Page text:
Kumihimo Made Easy
If you are anything like me you don’t just play with one medium. I am not sure what dictates which medium I become obsessed with. Obviously, tapestry is always happening in my studio along with a bunch of other projects from braiding to crochet to knitting to needlepoint (yeah I’ve taken that up again using my hand-painted silk exclusively) to embroidery. The list keeps growing as I add on the years.
Braiding is one of my go-to choices. I always have a disk on hand with a braid in progress. I use them for everything from pursestraps to bracelets and necklaces. It is traditionally used as sashes to tie kimonos so it would make sense to also use these braids for belts or just about anything that requires a cord. I love using the hand-painted silk with them. It’s so soothing and relaxing to braid. And the handy portable Kumihimo disks we are offering are just the thing because they are so portable. Once you memorize the pattern you can practically do it in your sleep. Trust me, I am horrible at following patterns except for braiding. That I can do.
The traditional Japanese way of braiding (also known as Kumihimo) is done on a wooden plate which sits on four poles with a base. This piece of equipment is called a Marudai, which means "mirror" because the disk is very smooth shiny as not to catch the threads. The braider sits or kneels on the floor in front of the Marudai. Braids can be as simple as just four strands and as complicated as 24 strands. It takes a master to make the braids with lots of strands. I am no master. I stick to eight (for round braids) and ten (for flat braids).
Braiding on a Marudai is faster than braiding on a Kumihimo disk. It requires your hands to almost dance manipulating two strands at a time. As you place the two strands you deftly pick up two strands to move elsewhere. That's why I say your hands dance because that is how it feels! But the Marudai is far from portable. When you do move it around the strands often get out of place which is a disaster. So my Marudai stays in one place when I have a braid in progress. The disk, which is slower because you move only one strand at a time, placing it in a slot, but it is extremely portable. You can make any braid on the Kumihimo disk that you can make on the Marudai because it accommodates twenty-four strands. If you are dreaming of making Kumihimo braids, a disk is a good place to start because the Marudais are rather pricey.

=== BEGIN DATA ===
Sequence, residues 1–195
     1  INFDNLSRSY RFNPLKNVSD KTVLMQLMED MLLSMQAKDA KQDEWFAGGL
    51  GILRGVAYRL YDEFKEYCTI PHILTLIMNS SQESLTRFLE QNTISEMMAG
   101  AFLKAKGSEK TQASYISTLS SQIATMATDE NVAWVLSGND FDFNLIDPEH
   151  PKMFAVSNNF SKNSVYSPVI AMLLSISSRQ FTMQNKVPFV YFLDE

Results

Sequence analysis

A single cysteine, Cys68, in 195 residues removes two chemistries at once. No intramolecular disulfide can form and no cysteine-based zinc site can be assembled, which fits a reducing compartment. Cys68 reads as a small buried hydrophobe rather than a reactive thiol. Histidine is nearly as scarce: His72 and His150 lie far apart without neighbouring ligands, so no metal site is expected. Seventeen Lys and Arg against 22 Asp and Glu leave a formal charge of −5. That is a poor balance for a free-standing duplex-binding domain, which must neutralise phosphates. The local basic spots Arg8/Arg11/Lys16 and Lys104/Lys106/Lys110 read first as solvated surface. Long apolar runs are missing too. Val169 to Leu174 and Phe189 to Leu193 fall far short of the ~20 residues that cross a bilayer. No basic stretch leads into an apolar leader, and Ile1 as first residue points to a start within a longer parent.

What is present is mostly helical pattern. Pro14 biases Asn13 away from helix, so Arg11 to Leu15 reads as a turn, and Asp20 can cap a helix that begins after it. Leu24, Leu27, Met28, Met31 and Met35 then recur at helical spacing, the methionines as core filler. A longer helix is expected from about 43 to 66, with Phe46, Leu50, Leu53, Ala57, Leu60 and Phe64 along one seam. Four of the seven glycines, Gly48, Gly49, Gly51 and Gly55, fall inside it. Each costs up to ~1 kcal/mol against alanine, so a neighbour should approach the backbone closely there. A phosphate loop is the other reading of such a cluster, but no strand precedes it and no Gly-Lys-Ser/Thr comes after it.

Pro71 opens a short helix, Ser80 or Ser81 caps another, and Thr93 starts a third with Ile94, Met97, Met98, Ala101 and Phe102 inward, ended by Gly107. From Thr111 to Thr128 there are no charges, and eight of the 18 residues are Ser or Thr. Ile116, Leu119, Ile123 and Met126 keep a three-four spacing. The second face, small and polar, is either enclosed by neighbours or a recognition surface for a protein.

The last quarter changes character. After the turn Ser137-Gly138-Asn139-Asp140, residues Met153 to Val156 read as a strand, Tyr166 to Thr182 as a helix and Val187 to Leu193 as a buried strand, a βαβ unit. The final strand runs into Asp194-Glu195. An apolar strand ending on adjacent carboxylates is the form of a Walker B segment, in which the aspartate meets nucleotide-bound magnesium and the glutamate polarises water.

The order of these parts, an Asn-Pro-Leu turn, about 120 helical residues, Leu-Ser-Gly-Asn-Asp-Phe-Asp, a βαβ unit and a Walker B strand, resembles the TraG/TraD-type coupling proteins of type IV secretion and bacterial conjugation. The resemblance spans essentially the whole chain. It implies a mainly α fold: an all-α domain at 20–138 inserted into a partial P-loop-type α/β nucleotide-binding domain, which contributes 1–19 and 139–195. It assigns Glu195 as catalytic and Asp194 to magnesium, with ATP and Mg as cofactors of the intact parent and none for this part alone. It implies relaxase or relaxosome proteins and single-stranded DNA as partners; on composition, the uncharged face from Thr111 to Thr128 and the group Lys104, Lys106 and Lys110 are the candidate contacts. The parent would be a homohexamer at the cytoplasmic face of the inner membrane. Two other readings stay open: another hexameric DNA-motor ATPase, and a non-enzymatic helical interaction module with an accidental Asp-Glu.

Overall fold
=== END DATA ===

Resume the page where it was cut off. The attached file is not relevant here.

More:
I searched my studio to find some samples but apparently almost all of them have been gifted or sold. I did find a couple of round braids.
These are two round braids made of hand-painted silk:
We are offering these portable Kumihimo disks in two versions.
The round disk is for making round braids. Look at how the braids are arranged on the disk. To accomplish the braiding you simply move the threads in a specific direction.
The square disk is for making flat braids. Notice how different the set up is for a flat braid. it also requires more strands.
We’ve put together a lovely collection of hand-painted silk, bobbins and Kumihimo disks for you to explore this fun and soothing medium.
Click on this link for the Round Kumihimo disk, eight cards of hand-painted silk and eight plastic bobbins.
Click on this link for the Square Kumihimo disk, ten cards of hand-painted silk and eight plastic bobbins.